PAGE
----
Whether you're commanding the international space station, pushing buttons, or making fire with sticks, party on.
Expeditionary Behaviour: "...the ability to work in a team productively and cheerfully in tough conditions" -Chris Hadfield.
The people who display these qualities are the people you would enjoy travelling with. They're relaxed, positive, and confident. They don't get on your nerves, and they contribute to the success of the team.
The psychological part is important too. Staying off each others nerves is tough enough in the regular world, and amplified in wilderness survival situations or out in space.
Stay positive. The world's a tough enough place without your friends and colleagues bringing you down.
A little humour can lighten the darkest situation and help the team overcome obstacles.
Fear isn't helpful. Physiologically, it impairs your circulation, judgment, and fine motor skills. It sets a bad example for the others.
If you're trying to figure out what to do in a situation, don't panic. Stay calm and work the problem. Don't lash out at people or tear down the team.
Misery and whining are never constructive. They make surviving dangerous situations far less likely. Instead, those attitudes spread and the team suffers.
Maintaining a 'Party-on' attitude keeps spirits up and leads to the best team results.
"Things work out best for those who make the best of the way things work out."-John Wooden

Nobody wants to travel with a miserable whiner. Party on.

Friday, March 7, 2014

Where should the economic engine take us?


The economy is like the engine in a car. The engine pushes the car in the direction it's pointed, and that's all it can do.
Where it's pointed, on the other hand, is up to the driver who controls the whole vehicle with a goal and a conscious intention. The engine will not get you to your destination on its own. You also need the steering wheel and the map.
A strong economy is valuable because it helps us do what we want to do, both individually and as a civilization. It's a means not an end in the same way that money is only worth what you can trade it for. A million dollars is useless if nobody will trade you a loaf of bread for it.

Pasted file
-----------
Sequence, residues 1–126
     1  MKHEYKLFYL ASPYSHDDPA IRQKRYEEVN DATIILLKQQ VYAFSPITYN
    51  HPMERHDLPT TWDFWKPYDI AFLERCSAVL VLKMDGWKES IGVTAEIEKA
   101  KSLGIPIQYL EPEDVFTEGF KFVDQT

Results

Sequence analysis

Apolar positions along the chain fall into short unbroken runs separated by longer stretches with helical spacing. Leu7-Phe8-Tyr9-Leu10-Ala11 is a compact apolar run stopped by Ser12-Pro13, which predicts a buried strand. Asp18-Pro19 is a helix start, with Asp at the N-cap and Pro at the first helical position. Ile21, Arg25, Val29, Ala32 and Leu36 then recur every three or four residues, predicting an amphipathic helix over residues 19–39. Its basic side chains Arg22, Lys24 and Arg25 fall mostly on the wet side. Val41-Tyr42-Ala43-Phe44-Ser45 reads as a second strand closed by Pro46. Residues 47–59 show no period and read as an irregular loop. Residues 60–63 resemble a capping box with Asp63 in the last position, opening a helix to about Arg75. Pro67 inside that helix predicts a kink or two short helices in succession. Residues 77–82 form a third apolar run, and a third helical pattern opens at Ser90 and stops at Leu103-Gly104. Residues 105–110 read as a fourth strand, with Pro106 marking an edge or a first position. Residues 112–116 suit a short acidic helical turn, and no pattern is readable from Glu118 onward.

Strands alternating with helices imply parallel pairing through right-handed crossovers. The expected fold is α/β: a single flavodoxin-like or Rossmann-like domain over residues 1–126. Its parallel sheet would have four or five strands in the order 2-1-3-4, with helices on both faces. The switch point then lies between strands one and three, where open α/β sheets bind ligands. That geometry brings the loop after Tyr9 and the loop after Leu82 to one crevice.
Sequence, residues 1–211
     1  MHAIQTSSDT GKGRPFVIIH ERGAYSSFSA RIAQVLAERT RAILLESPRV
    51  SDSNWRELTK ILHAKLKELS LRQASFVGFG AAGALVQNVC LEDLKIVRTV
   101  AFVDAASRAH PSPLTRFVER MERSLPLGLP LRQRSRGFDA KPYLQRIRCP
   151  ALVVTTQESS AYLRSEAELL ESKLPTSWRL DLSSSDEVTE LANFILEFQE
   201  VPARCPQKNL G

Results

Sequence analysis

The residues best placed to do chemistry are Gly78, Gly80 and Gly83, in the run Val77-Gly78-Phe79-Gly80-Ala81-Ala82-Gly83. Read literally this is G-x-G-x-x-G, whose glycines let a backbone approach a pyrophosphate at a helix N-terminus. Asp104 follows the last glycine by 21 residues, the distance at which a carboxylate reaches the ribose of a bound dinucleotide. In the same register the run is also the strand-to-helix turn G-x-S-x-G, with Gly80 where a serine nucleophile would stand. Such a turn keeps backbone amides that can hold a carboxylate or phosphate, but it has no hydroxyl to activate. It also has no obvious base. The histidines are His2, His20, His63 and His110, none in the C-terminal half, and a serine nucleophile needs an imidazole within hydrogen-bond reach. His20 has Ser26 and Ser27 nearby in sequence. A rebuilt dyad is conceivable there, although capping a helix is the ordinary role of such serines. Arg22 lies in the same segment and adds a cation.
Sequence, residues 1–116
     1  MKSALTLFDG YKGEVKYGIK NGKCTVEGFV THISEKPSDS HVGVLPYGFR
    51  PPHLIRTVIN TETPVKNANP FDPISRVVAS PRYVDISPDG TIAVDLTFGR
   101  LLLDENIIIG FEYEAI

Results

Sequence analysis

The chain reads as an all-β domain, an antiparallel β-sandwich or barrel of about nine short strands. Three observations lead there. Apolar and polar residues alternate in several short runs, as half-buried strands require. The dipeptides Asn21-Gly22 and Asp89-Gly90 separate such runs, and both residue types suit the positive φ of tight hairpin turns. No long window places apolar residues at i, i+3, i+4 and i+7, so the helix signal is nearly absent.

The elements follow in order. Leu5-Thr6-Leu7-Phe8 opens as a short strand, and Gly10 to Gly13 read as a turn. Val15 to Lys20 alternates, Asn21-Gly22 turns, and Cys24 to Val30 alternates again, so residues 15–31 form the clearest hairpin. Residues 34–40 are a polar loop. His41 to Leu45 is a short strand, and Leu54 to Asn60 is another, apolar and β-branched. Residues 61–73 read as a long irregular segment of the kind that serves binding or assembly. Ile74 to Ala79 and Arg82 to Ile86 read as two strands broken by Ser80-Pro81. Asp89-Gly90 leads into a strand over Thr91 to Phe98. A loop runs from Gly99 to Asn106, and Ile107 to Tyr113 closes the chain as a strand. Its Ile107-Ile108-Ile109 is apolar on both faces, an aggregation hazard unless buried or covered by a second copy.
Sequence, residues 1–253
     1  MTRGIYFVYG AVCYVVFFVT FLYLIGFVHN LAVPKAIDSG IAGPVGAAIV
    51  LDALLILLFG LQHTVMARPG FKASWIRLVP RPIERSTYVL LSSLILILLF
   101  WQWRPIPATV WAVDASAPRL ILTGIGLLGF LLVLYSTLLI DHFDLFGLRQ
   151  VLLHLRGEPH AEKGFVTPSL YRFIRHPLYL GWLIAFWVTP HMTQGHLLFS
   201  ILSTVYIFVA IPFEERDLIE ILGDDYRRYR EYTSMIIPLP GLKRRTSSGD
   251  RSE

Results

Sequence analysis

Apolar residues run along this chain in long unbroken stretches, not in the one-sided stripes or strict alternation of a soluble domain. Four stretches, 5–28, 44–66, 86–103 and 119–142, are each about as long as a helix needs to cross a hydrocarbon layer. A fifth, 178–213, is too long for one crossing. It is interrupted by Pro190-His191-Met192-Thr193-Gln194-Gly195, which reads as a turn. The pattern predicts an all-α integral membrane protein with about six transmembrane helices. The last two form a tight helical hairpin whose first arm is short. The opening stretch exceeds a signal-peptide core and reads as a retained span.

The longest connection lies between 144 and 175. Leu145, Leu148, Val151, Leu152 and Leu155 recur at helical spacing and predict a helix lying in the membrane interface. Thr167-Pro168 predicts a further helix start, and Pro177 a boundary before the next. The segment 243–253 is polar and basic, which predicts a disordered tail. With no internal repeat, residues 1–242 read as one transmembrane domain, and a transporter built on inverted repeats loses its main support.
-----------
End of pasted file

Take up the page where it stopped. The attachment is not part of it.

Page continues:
Our civilization obtains lots of advantages through specialization and trade. You don't need to fabricate your own clothes. Instead, you can work at something you're great at, then trade for the clothes you need. This is what the economy does best: When everybody works on what they're great at and trades for the rest, the whole system does better.
The 'economy' is ultimately a measure of how much of this trading is going on. It leaves out everything that's external to the exchange, which is its biggest strength and its biggest weakness.
"Socialism collapsed because it did not allow prices to tell the economic truth. Capitalism may collapse because it does not allow prices to tell the ecological truth." -Øystein Dahle, former VP of Esso Norway.
The price signals in the economy communicate what we value. This is not a full accounting. The cost of a barrel of oil includes the cost of extraction but not the cost of making that oil from scratch or the cost of the CO2 that will find its way into the atmosphere.
A triple bottom line (economy, environment, society) approach is better, but even that tends to speak in the language of the economy by trying to attach dollar values to everything.
Many things are beyond the economy, and those tend to be the things that make us the happiest. It's not the work, it's the connections with your family and friends that you value. When you think of spending time in the environment, that means being outside, not at your desk.

The economy is a wonderful tool that allows specialization of labour, trade, and increased societal productivity. Just don't confuse the engine in the car with the steering wheel or the destination. It serves us, not the other way around. Where will it take us?

Tuesday, March 4, 2014

Is this Bob's Pizza?

Even with the Man in the Middle attack, Alice still gets the pizza.
Alice calls Bob to order a pizza. Eve intercepts the phone call. "Bob's Pizza!" Eve writes down Alice's order and credit card. Then Eve calls Bob and orders Alice that pizza. The pizza shows up, and Alice has no idea that Eve has her credit card number.
That's called a 'man in the middle' attack. If you haven't updated your iPhone's software in the last week or so, upgrade to either 6.1.6 or 7.0.6 immediately.
There was a security hole in the routine that confirms that websites are who they say they are. Until you upgrade and close the hole, your computer won't be able to determine whether it's talking to Bob or to Eve.
While you're at it upgrade your Mac OS to 10.9.2. That update patches the same hole.
A quick look at the source code leaves it impossible to tell whether it's a case of a clumsy line of code "goto fail;" duplicated in just the wrong place or a perfectly deniable security backdoor for the NSA. They'd both look the same.
Connection authentication and secure communications over an open internet make innovations like online pizza ordering and midnight banking possible.
Watch out for the two-tier internet arrangements like the recent Comcast-Netflix deal. They move the internet towards a cable broadcast system rather than a neutral system where everyone is on the same playing field.
The next Netflix, Reddit or Facebook will have a hard time getting started without a neutral, trustworthy internet. You need to be able to know it's Bob's Pizza.